• Requires the Attorney General may disclose information regarding the breach. Removes requirement that the report be published on the website of the Attorney General and the State agency;
  • Requires that a State agency that suffers a breach of security shall report to the General Assembly, rather than to specific House and Senate committees.


MD HB 974
Ned Carey (D - Majority)

Requires a business to notify the individual target of a breach notification as soon as reasonably practicable, but not later than 45 days after the business has concluded its investigation into the breach's authenticity.


NM HB 15
Bill Rehm (R - Minority)

Creates the Data Breach Notification Act, which requires that notice be given to persons who are affected by a security breach involving their personal identifying information in the most expedient time possible, but not later than 45 calendar days following discovery of the security breach.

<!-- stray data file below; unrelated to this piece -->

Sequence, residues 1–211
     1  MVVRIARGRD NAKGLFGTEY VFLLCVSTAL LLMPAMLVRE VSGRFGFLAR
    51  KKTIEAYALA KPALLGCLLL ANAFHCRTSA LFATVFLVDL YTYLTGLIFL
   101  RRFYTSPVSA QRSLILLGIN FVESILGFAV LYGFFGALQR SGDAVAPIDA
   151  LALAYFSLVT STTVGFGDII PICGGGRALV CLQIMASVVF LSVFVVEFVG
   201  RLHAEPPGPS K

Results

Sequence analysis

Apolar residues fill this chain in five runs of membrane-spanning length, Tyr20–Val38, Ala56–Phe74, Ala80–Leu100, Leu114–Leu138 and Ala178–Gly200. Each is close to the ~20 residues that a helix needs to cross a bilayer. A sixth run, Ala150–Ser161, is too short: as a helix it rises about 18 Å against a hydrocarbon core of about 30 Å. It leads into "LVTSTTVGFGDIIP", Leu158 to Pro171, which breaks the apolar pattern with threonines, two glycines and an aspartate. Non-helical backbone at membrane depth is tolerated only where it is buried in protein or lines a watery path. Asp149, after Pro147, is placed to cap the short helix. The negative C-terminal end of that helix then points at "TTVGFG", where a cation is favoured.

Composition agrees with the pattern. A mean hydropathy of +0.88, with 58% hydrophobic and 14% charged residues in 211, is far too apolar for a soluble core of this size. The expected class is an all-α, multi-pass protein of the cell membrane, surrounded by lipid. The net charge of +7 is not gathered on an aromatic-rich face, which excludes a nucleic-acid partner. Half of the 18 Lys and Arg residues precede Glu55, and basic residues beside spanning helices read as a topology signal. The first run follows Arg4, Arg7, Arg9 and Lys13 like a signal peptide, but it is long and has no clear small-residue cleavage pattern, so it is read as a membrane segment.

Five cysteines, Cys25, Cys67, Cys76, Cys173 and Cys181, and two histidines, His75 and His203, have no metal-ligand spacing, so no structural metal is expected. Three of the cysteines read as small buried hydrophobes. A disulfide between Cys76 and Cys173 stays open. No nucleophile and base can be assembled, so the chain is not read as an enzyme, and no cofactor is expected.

TN SB 547
(companion bill TN HB 545)
Bill Ketron (R - Majority)

Clarifies that the consumer protection violation of failing to disclose a security breach of personal consumer information applies to a breach of unencrypted data or encrypted data when the encryption key has also been acquired by an unauthorized person.


VA HB 2113
Mark Keam (D - Minority)

Requires that any employer or payroll service provider that owns or licenses computerized data relating to income taxes shall notify the attorney general without unreasonable delay after the discovery of unauthorized access of computerized data that compromises confidentiality and creates a reasonable belief that an unencrypted and unredacted version of such information was accessed by an unauthorized person.